NSIDC Arctic Sea Ice News & Analysis relies on sea ice extent and concentration data from satellite sensors operated by the United States Department of Defense, the Defense Meteorological Satellite Program (DMSP) Special Sensor Microwave Imager/Sounder (SSMIS). The sensors, called passive microwave, work by measuring the low-level microwave radiation that the Earth emits to space. Different surfaces, such as water, ice, and land, emit different amounts of radiation, which passes unhindered through clouds and darkness. Researchers then process the microwave data into a map of sea ice cover.
Building a long-term record
The passive microwave sea ice record dates back to 1979, one of the longest satellite environmental data sets. The long-term data track changes in the ice cover over many years, lending additional confidence to the trends that we observe. The passive microwave data are especially useful because the sensor delivers data even during the six months of Arctic darkness and frequently cloudy conditions.
NSIDC uses both near-real-time data, which are released with a one-day delay, and validated final sea ice data. Near-real-time data do not undergo the same rigorous validation process as the final sea ice data, which are released six months to a year after they are collected, but they are useful for studying ice conditions as they happen. Errors may include occasional areas of missing data, represented as gray areas or speckles, or areas near land where open water is incorrectly identified as ice or vice versa. We correct these problems in the final sea ice products, which replace the near-real-time data in about six months to a year. Researchers use final data products for more rigorous scientific analysis and long-term comparisons.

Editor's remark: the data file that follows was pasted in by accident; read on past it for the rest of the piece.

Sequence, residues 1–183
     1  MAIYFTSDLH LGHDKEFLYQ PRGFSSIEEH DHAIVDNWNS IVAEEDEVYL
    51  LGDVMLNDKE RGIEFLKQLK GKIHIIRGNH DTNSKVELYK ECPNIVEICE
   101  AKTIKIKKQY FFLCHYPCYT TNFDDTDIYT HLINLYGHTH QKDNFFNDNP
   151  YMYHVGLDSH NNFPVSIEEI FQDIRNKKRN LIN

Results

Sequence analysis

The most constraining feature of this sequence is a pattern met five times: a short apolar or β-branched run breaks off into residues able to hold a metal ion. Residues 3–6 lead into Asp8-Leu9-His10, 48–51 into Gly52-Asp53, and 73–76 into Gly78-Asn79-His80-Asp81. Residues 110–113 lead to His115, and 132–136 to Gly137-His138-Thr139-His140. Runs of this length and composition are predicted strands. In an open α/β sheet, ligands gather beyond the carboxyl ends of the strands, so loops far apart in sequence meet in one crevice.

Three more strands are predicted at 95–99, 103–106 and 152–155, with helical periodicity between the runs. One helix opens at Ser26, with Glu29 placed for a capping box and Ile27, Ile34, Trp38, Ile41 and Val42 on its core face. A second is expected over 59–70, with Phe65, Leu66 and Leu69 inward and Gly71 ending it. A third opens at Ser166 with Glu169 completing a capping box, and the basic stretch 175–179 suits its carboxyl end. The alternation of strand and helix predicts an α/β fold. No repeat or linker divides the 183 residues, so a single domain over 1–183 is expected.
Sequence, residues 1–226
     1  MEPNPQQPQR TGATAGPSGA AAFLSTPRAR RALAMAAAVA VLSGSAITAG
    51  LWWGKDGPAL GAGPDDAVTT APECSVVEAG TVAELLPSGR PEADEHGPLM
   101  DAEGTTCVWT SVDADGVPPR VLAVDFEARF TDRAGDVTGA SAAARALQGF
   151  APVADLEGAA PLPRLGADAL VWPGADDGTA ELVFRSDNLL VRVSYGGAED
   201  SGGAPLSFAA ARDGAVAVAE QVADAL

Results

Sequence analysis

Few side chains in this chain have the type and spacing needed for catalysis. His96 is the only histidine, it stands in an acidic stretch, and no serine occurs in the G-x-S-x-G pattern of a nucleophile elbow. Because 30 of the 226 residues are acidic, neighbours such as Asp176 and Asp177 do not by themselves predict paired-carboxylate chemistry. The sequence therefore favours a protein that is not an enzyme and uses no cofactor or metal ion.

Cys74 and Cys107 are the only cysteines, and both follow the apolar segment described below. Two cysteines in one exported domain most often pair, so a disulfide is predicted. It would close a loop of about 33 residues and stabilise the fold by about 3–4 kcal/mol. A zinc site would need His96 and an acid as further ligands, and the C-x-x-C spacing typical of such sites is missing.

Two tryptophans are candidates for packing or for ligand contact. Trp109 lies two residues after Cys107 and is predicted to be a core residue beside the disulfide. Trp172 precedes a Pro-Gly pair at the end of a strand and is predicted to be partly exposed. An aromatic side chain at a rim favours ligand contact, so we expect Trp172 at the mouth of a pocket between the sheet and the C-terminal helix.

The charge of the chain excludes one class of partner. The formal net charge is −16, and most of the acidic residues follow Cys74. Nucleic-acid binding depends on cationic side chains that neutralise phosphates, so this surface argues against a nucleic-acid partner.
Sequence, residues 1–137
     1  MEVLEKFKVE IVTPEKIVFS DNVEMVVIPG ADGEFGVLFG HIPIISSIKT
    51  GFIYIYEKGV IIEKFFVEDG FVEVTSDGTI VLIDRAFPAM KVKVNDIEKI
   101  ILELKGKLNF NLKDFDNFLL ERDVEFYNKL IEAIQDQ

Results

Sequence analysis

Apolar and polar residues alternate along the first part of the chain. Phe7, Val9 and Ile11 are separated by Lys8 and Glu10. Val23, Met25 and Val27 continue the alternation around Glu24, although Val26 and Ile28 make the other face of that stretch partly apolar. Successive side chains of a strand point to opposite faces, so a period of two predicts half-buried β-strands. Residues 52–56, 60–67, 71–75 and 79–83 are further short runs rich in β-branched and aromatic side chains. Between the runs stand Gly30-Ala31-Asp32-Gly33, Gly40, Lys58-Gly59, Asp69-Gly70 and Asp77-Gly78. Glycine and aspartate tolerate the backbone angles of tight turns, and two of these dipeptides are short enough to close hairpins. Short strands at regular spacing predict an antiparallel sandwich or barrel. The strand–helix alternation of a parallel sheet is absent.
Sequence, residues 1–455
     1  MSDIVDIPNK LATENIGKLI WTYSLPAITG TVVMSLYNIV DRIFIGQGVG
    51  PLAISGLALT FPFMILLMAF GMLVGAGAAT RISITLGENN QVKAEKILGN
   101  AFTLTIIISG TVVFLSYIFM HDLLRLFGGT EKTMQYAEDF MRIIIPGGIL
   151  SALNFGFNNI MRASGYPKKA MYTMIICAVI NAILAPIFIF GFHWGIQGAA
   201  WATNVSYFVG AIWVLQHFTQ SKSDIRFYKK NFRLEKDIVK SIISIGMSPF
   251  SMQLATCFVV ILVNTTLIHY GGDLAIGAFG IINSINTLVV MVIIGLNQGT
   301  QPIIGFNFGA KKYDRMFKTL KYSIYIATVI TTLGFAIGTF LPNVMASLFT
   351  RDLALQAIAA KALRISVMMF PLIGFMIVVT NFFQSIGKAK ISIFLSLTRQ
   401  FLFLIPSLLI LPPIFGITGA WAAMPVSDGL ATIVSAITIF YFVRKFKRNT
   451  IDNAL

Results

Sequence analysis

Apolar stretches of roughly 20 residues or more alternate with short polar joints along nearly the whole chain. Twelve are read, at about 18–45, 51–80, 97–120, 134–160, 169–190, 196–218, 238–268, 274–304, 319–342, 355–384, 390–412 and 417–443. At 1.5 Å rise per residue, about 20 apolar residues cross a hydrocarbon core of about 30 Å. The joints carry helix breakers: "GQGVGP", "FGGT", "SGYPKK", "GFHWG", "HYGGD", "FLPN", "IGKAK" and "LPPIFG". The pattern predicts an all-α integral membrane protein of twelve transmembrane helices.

Other data sources
Researchers also study data from other satellites and from field studies to get a more complete picture of what is happening to Arctic sea ice. Several other satellite sensors, including the NASA Advanced Microwave Scanning Radiometer for EOS (AMSR-E) sensor on the Aqua satellite, provide additional measurements of ice extent and area. Researchers can use those data to compare to the SSMIS passive microwave data and identify potential problems. But ice extent alone provides only a surface view of the ice: scientists also want to know ice thickness and age. For example, data from the NASA Ice, Cloud, and Land Elevation (ICESat) satellite, which operated from 2003 to 2009, showed that the Arctic ice cover thinned over that time period. And studies of ice age show that the oldest, thickest ice is declining, while younger, thinner ice is becoming increasingly common.
For more information on the data that NSIDC uses, see the Sea Ice Index.
For additional sources of sea ice data, see the Reading List.